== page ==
Temporal trends in incidence and severity of acute pancreatitis in Lüneburg County, Germany: A population-based study

Paul Georg Lankisch, Mirwais Karimi, Anja Bruns, Patrick Maisonneuve, Albert B. Lowenfels

Research output: Contribution to journalArticlepeer-review

Abstract

Background/Aims: Several European studies have reported an increase in acute pancreatitis. Therefore, we decided to investigate whether acute pancreatitis in one area of Germany also displays changes in frequency, etiology, and severity over time. Methods: The study included 608 patients with a first attack of acute pancreatitis, all from Lüneburg County, northern Germany, admitted to the Municipal Hospital of Lüneburg between 1987 and 2006. Results: The age-standardized rate (world) per 100,000 inhabitants/year was 16.0 for men and 10.2 for women. Division of the study period into four 5-year segments revealed no increase or decrease in the frequency of acute pancreatitis nor did the etiology change. The severity of disease, however, decreased over the course of time, as shown by lower Ranson scores, a lower proportion of cases with necrosis or a severe course, and lower lethality. Other measures of severity remained unchanged. The decrease in severity was particularly marked in patients with alcohol-related pancreatitis who are apparently seeking hospital treatment earlier than used to be the case. Conclusion: In contrast to other European countries (Denmark, United Kingdom, The Netherlands, and Sweden), this study showed no change over time in the frequency or etiology of acute pancreatitis. There were, however, signs of a decrease in disease severity, and this aspect merits further investigation.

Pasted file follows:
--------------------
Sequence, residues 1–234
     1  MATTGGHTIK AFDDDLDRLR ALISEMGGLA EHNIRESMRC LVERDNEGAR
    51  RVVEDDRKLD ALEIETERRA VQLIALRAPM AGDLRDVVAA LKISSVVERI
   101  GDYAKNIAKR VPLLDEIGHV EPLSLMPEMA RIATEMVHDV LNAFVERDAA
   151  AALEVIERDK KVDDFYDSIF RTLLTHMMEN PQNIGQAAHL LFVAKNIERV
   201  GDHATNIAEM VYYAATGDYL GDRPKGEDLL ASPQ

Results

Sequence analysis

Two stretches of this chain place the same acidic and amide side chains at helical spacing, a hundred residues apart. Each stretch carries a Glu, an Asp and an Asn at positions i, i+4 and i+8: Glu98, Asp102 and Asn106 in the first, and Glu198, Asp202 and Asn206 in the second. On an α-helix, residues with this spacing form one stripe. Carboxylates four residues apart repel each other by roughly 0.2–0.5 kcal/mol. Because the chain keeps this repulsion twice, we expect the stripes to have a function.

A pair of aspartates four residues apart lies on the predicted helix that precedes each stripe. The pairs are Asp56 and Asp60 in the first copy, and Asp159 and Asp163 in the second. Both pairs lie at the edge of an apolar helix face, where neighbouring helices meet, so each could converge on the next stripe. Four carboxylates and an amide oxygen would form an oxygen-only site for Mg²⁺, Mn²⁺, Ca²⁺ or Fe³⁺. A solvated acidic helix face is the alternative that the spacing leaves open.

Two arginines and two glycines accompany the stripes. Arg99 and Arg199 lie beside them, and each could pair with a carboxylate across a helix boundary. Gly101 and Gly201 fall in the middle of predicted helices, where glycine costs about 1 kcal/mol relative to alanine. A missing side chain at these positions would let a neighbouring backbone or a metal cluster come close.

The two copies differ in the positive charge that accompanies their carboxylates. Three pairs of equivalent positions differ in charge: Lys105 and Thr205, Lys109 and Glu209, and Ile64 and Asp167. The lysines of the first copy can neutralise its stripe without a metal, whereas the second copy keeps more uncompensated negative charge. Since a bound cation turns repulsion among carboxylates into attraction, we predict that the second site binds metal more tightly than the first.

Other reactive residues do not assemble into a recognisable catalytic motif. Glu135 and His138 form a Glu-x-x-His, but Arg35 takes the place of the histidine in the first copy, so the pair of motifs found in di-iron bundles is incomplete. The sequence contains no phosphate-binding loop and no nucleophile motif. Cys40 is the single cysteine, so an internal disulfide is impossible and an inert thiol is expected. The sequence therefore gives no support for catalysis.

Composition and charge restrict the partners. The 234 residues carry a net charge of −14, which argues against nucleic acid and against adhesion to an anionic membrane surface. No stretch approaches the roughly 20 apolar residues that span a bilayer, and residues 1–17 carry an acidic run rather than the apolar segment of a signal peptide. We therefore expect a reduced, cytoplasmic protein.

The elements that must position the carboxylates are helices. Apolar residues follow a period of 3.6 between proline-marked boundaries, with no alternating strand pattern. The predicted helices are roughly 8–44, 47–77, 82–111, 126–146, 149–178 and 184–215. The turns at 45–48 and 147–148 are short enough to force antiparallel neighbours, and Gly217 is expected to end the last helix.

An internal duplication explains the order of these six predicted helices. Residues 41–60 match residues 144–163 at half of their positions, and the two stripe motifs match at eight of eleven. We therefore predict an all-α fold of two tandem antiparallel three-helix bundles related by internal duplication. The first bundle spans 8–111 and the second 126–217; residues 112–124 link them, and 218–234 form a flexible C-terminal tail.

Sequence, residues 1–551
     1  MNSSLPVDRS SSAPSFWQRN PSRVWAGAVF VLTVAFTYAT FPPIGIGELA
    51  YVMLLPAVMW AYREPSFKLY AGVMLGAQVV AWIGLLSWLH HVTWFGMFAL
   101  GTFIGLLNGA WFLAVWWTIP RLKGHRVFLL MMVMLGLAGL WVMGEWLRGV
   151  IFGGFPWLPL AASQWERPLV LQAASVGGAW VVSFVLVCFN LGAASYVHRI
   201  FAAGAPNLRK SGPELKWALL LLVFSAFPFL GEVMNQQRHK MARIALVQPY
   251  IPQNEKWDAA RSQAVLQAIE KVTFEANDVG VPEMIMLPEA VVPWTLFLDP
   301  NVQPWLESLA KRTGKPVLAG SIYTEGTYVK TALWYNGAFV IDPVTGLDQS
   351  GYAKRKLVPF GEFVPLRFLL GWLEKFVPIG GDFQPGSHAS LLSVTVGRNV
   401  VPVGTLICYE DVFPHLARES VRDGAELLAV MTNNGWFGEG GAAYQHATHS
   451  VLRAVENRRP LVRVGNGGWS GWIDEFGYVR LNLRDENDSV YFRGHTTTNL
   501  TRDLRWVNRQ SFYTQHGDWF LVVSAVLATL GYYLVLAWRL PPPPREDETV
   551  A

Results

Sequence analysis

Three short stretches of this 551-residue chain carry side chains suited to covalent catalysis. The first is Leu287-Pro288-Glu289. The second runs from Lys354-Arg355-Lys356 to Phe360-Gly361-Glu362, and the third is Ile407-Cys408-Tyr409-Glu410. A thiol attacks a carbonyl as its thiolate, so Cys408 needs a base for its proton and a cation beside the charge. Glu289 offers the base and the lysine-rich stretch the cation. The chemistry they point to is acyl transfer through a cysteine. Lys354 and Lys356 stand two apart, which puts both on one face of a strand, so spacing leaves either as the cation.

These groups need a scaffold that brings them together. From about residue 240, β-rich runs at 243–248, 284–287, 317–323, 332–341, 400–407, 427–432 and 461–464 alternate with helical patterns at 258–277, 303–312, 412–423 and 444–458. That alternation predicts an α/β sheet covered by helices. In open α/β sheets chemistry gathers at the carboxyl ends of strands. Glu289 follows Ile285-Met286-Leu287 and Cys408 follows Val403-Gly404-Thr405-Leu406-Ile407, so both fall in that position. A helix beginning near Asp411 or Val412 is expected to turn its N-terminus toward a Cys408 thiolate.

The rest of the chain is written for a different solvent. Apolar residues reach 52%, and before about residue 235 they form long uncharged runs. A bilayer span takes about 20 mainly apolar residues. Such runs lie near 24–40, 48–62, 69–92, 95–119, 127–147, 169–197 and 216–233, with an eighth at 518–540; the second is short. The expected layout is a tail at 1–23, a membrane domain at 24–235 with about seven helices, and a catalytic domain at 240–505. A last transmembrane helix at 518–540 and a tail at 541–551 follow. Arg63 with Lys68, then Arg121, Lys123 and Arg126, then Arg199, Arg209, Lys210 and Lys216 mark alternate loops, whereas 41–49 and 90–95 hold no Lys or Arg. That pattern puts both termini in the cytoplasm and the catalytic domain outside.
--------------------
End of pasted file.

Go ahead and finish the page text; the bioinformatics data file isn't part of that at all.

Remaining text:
Original languageEnglish
Pages (from-to)420-426
Number of pages7
JournalPancreatology
Volume9
Issue number4
DOIs
Publication statusPublished - Jun 2009

Keywords

  • Acute pancreatitis
  • Alcohol-related pancreatitis
  • Epidemiology of pancreatitis
  • Mortality
  • Outcome
  • Severity

ASJC Scopus subject areas

  • Endocrinology
  • Endocrinology, Diabetes and Metabolism
  • Hepatology

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